I was feeling a bit bleurgh last week, partly due to feeling a little lost after deciding that I wasn't going to work at night, partly due to a couple of rejections all on the same day, and January looking like a Rejection Zone, what a way to start the year etc... etc... But then on Wednesday I headed down on the train to the Arvon Foundation's beautiful Devon writing centre, Totleigh Barton and things started looking much brighter. I didn't really know quite what I had been invited to do - I knew it was a school group, I knew I'd read and answer questions, but apart from that I wasn't sure.
I discovered when I got there that during the months they are not open to the public, Arvon run courses for many different groups which are similar in structure to the public ones: a group of 16 or so participants live in, with two writers who run a 6 day writing course, and there is a guest writer who comes half way through for one evening's reading. There are workshops in the mornings, and the participants cook dinner!
I have been on two Arvon courses in the last 8 years and it is no exaggeration to say that they were life changing. The first course, in 2002, was Writing & Science, a new topic for Arvon. When I saw it advertised I couldn't believe that there were other people who wanted to do what I wanted to do! The thing was: I didn't know how. And that 6-day course showed me how to let myself be inspired by science fact and turn it into fiction. It also showed me that I could write on demand - the tutors said, "Go off, write something, and come back and read", and what do you know? I could. Amazing. (I also met my partner J there, so it really was life-changing in all respects...)!
The second course, a few years later, was on short stories, and the tutors were Ali Smith and Toby Litt. Ali Smith was one of the reasons I wanted to write short stories in the first place. And so when we had a one-on-one tutorial and she told me to give up the day job and write full time because I was "the real thing", it blew my mind. Another milestone.
Coming back to Totleigh Barton, where this second course was held, was very moving for me. It's amazing to mark the passing of time: 2006 - me paying to come on a course; 2010 - me being invited and paid for, book in hand!
The reading went very well - I think. I say that because it was in a big barn and I didn't wear my glasses (ah, time...!) and so couldn't see the faces of the sixth-formers from 2 Bristol schools who were having a wonderful writing week with their teachers! I talked about my journey, read some flash stories and the beginning of a story from my book that I'd started writing there in 2006, and answered excellent questions, such as "How come you seem so happy?"! I liked that one. "Because I get to come here and talk about short stories," was the simple answer. The students were all very interested in writing, they are writing themselves, and I was really inspired by being with them, by answering their questions and listening to them talk about writing. And -they bought 10 books, all the copies I brought with me, that was quite a surprise too.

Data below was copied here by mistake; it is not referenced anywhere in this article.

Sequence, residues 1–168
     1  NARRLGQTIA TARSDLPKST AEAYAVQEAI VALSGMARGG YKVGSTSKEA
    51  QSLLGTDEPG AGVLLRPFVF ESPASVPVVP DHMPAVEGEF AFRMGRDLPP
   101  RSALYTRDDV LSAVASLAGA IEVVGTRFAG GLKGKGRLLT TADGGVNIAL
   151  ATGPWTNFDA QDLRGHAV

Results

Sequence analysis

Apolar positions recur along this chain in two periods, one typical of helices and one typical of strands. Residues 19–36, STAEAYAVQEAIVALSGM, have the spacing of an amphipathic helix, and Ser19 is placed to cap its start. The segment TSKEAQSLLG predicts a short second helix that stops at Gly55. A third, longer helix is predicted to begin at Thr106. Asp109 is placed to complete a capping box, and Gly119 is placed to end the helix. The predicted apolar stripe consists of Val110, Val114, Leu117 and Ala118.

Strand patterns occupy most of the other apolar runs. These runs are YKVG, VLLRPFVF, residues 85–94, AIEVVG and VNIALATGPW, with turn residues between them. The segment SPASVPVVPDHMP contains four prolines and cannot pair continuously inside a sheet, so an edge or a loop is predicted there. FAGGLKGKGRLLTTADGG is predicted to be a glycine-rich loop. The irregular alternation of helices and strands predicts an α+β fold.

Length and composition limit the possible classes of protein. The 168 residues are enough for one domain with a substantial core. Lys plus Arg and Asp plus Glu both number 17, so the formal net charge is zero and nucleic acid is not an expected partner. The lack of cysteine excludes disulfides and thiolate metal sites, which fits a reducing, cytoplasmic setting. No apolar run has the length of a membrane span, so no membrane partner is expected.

I also had a great time meeting the two excellent tutors, playwright Diane Samuels and Bristol-based novelist Chris Wakling, the teachers from the two schools, and Totleigh Barton centre directors Claire and Ollie. Looking forward to seeing them all again. I came back to Bristol the next day feeling re-energised and re-inspired. Hope I get to go back.
And then yesterday, just slipping in there before January left, some very lovely news. I think I mentioned that my play, Exchange Rates, which I adapted from my short story, was shortlisted for the Total Beast 6-Minute Play competition, and that all the shortlisted plays were being performed. We went to London for the performance, and I was really moved by how well the actors performed my play. It was just wonderful seeing it brought to life so well. (Of course I wanted to tweak it a little, but there you are!). After the performances, the director asked any of the writers in the audience to come onstage. I was a little freaked out by that, suddenly getting shy, but then we stood there and he announced the winner.
Yup! Big big shock. Really. Just having the play performed was a thrill. But a lovely cheque, which is greatly appreciated, as well as a critique of whatever script I choose to give her by a professional editor, which is a wonderful prize.
So now I am doubly, triply inspired! Now I want to write a play from scratch... and, after a fabulous creative brainstorming meeting with Philipa from the University's Centre for Public Engagement today, I want to write a science play, and maybe a film... and maybe something animated... and...
So, February dawns and 2010 is looking brighter. No snow this week, yet. And more inspirational events to keep my spirits up - am going to talk to undergrad Creative Writing students at Bath Spa Uni next week, where I did my MA. Don't tell anyone, but I think I might get more out of doing these events than they do. Shhhhh.